This work describes the response of Lactobacillusvini, a bacterium found as a contaminant in winemaking and fuel ethanol fermentation processes, to acid stress caused by inorganic or weak organic acids. First, we observed for the first time that bacterial cells become resistant to lysis by lysozyme when submitted to acidic stress. Then, the predicted intracellular acidification can be reversed by the presence of arginine, histidine and glutamine. However, these molecules were not able to reverse the effect of resistance to lysis, indicating the independence of these mechanisms. In general, a reduction in the expression of the main genes involved in the synthesis and deposition of material in the cell wall was observed, whereas the genes involved in the reabsorption of this structure showed increased expression. These data suggested that L. vini responds to the acidification of the medium through early entry into the stationary phase, firing two signals for cell wall remodelling and maintenance of intracellular pHin a coordinated way, most probably by alkalization and the proton extrusion process. If this picture is conserved among lactobacilli, it may not only have an impact on research associated with fermentation processes, but also on that associated with probiotic improvement.
We studied Escherichia coli BW25113 growth in a complex medium with emphasis on amino acid consumption. The aim was to profile amino acid utilization in acid-hydrolysed casein and a defined nutrient-rich medium and based on these measurements modify the medium for better growth performance. Amino acid depletions in both media caused apparent biomass growth stops that prolonged growth duration. Obtained amino acid consumption values enabled a new defined medium to be formulated, where no growth stops were observed, the specific growth rate was constant, and the provided substrates were fully utilized. Similarly, we modified the acid-hydrolysed casein medium by adding pure amino acids that removed the apparent biomass growth stops. Key to our results was the combination of growth medium analysis and process monitoring data, specifically oxygen partial pressure and produced carbon dioxide that were used to track growth changes. Our findings showed the deficiencies of the nutrient-rich medium and how rational medium design, based on consumption values, removed these shortcomings. The resulting balanced medium gives a high specific growth rate and is suitable for studying E. coli physiology at fast growth.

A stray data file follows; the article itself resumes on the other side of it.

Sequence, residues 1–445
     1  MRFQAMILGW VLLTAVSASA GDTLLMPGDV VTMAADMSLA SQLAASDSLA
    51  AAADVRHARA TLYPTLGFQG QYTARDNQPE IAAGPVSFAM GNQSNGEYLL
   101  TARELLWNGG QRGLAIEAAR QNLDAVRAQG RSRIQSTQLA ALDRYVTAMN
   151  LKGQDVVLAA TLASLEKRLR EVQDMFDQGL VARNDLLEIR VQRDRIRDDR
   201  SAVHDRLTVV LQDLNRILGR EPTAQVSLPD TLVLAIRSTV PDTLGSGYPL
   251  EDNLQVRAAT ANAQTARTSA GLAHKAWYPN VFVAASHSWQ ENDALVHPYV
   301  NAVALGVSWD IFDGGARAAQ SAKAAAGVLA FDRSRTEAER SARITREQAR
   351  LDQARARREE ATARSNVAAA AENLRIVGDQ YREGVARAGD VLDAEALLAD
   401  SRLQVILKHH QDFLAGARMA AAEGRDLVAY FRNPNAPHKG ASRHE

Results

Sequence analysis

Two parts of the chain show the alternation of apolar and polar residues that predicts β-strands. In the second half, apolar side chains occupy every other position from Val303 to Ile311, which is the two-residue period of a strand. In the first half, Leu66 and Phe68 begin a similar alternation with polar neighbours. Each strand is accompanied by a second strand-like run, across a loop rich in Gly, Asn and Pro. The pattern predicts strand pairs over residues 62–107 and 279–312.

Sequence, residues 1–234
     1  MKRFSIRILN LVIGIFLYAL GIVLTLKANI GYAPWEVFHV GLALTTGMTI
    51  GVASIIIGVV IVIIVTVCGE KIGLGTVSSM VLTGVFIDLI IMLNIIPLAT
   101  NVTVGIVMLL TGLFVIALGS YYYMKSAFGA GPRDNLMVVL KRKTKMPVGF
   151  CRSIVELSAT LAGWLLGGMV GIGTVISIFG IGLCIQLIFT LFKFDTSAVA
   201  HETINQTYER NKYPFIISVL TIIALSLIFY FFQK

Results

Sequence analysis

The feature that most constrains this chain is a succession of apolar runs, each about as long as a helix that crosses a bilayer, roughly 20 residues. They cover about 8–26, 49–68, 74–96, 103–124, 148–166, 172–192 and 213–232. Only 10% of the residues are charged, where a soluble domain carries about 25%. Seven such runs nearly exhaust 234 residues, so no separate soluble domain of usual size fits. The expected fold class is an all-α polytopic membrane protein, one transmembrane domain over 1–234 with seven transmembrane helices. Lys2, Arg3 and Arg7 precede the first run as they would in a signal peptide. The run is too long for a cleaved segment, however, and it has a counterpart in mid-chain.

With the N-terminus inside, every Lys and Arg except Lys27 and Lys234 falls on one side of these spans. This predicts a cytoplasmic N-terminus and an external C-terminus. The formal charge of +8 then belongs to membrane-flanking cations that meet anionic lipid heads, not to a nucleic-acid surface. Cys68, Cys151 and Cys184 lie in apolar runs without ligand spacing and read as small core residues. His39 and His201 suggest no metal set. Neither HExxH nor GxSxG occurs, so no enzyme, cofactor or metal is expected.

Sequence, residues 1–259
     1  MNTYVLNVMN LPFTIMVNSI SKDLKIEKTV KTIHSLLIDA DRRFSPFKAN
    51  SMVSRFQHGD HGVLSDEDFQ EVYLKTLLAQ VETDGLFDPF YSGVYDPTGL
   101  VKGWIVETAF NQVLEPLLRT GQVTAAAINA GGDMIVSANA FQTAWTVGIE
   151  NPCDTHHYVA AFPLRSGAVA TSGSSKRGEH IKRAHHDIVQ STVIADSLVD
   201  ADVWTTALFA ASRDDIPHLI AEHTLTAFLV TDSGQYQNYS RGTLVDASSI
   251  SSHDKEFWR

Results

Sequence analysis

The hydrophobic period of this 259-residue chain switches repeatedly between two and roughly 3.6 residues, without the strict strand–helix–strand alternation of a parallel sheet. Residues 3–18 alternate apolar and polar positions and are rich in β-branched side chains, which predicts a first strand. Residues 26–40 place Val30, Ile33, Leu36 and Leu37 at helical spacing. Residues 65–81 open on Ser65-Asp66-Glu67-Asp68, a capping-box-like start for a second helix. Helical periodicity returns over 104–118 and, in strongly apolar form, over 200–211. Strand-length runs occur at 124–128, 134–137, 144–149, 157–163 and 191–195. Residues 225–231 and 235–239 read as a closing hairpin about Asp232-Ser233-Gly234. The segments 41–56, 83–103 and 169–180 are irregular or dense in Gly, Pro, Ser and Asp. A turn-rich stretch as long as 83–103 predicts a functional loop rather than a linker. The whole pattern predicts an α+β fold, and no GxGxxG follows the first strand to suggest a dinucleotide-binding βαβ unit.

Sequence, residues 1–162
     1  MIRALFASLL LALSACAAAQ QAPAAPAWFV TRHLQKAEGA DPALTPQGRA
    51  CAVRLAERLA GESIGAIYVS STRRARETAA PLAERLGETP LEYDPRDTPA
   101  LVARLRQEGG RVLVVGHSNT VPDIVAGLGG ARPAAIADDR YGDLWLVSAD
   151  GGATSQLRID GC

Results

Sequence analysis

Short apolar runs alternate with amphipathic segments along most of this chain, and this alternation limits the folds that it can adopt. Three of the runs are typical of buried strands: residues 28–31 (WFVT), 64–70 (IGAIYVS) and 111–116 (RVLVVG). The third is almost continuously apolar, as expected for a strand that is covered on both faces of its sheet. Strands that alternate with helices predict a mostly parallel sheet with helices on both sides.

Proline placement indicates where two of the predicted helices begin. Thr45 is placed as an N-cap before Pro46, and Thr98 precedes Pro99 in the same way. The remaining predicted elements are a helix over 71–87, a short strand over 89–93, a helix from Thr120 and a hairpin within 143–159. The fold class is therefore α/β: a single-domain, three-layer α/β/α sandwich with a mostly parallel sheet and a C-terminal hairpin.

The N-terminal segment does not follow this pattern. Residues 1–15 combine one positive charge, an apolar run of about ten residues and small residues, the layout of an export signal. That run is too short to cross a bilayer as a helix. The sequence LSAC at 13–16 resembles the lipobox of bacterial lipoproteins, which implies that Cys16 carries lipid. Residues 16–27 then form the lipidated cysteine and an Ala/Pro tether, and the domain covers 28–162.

Escherichia coli strain 15 (ATCC 9723) formed robust biofilms of two distinct forms on glass tubes. In rich, low-osmolarity medium, the biofilms were restricted to the air/liquid interface, resulting in rings attached to the glass. As it was not evident that these biofilms extended across the liquid surface, we termed them ‘ring’ rather than ‘pellicle’ biofilms. In minimal medium supplemented with a non-fermentable substrate as the carbon/energy source, we observed either robust ring biofilms or little biofilm of any type, depending on the substrate. In contrast, fermentable substrates (sugars and sugar derivatives) supported robust biofilms covering most of the solid/liquid interface, which we termed ‘tube-covering biofilms’. Maximal biofilm growth was observed when the sugar was a relatively poor substrate, supporting slow growth and known to cause minimal dephosphorylation of regulatory protein Enzyme IIAGlucose of the phosphotransferase system. Compounds found to be inhibitors of biofilm growth, such as lactate, caused a shift from tube-covering to ring form at low concentration and complete loss of biofilm growth at high when added to minimal medium supplemented with a fermentable substrate. Exogenous cAMP activated biofilm growth under all conditions tested, leading to more intense ring or tube-covering biofilms and/or to a shift from ring to tube-covering form.